I then came across a Facebook presentation of Dr Muffazal Rawala's who works with Psychiatry-UK as a psychiatrist, and he was providing a talk on women with ADHD and how differently it presents. I have tears in my eyes when I write this because it was such a defining moment in my life when the penny just dropped!
This explained my anguish and frustration for years and years of my life.
The fear of making it all up in my head didn't go away but I thought I had to investigate this because years of anti-depressants and my own exhausting attempts at everything had failed, so what did I have to lose.
I had my virtual assessment with Dr Rawala who was fantastic; so empathetic and listened to me so well but helped guide me through the appointment with professionalism and respect.
I received a diagnosis of combined ADHD in 2021 and was paired with an ADHD medication prescriber called Jenny Winnard, who I have written a review of individually on this website too. She was absolutely fantastic, a sincerely wonderful human who has the highest standards of care and treated me with so much genuine care and expertise.
Some of the admin staff at the time, Jo Tierney, and Hannah Adamson have been incredibly supportive, patient, and so very hard working. They are the unsung heroes! Without them, the incredibly well-oiled machine would not keep going, and my portal messages, forms, and appointments would still be sitting there pending.
I recently met with Dr Teresa Gomez Alemany, a truly down to earth, caring, patient and highly recommended psychiatrist, who led my end of titration appointment and who is referring me to Psychiatry-UK's 'arm', HLP-U. Teresa was extremely thorough, allowed me to ask lots of questions, but also provided great insight into some health issues I am currently going through and how these can affect my ADHD symptoms and medication, and what to look out for and how to distinguish. She was so kind and caring. Margaret who works with HLP-U contacted me to explain in such brilliant detail but presented wonderfully for someone who struggles with large volumes of information, of how the therapy side of things works and different ways to approach it to best suit my individual needs. She has a kind nature and works with efficiently. I could tell she knows what she is doing and does it very well!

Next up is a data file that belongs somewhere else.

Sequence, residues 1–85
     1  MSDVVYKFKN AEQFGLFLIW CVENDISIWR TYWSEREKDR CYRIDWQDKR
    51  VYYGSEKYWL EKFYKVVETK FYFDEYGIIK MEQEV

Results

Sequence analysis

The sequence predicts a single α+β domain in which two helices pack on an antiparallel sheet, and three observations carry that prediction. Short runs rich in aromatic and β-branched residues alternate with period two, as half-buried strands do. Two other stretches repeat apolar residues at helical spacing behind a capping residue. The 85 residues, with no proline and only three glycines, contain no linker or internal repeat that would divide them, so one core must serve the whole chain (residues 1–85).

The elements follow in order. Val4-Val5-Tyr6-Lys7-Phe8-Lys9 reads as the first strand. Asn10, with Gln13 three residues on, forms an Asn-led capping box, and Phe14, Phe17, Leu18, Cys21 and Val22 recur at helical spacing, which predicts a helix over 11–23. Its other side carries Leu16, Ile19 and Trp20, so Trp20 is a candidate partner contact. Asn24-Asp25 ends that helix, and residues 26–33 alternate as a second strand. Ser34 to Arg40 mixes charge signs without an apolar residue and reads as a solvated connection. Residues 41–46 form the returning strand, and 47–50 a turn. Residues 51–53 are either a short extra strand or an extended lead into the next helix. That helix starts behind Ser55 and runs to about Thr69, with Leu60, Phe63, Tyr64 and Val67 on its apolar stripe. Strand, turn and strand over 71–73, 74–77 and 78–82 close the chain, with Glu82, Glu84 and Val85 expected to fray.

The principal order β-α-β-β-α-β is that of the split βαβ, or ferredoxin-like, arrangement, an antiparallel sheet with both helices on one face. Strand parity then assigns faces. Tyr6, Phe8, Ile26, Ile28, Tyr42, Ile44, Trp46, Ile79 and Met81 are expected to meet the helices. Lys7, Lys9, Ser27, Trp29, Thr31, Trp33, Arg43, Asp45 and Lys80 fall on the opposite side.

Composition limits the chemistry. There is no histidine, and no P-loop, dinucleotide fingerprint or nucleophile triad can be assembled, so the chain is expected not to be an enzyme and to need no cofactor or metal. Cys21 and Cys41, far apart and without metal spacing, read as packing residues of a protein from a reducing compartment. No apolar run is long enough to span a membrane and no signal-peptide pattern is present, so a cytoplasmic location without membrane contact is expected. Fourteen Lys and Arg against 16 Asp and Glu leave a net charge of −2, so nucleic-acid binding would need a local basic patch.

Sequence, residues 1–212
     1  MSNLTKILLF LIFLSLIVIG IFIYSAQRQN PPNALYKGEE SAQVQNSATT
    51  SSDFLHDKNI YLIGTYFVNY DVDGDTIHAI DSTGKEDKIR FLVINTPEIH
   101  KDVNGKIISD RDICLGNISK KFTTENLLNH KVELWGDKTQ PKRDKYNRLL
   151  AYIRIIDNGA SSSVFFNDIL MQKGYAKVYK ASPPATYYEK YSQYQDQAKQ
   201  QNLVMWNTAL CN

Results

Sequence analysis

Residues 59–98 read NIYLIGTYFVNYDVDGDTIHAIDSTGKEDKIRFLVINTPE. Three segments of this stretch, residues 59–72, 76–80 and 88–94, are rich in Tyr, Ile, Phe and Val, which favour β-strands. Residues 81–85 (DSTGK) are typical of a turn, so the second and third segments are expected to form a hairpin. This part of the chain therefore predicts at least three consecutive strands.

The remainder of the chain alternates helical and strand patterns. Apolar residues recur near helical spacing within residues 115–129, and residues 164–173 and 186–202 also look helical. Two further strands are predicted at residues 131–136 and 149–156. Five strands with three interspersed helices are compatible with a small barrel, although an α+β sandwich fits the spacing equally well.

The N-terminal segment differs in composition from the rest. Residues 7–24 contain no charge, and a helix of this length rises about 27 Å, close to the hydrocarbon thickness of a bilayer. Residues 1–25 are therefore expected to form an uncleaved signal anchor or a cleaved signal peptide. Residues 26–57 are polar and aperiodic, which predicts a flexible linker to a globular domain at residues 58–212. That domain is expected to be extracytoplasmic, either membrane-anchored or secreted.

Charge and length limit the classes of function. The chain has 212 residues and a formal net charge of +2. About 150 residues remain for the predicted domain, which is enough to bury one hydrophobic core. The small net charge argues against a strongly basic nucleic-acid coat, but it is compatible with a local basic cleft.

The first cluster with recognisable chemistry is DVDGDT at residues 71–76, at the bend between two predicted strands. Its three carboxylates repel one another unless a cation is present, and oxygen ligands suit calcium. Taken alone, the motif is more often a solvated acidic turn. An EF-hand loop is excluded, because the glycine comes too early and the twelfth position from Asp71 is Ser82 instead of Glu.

I know my care will soon be transferred to my GP and understand the next steps, but am completely reassured that in between my annual reviews with Psychiatry-UK, if I ever need assistance, I am welcomed and will receive the best care.
Waiting is hard when you have ADHD but living your life struggling is harder. Please try to be as kind and patient with all of the staff, just as we as patients expect to be treated. The wait will be worth it, and the effort you take filling in those forms will be hard, but not having the opportunity to be heard and appreciated is harder.
This was one of the best decisions of my life, it has truly changed my entire life! I have so much more confidence, self-esteem, and appreciation for my journey and how I have made it this far. This is now about making the rest of my life the best of my life... thanks to them. I couldn't do justice with how appreciative I am for these humans, and not enough words... Although I made a pretty large effort, now my medication has worn off :)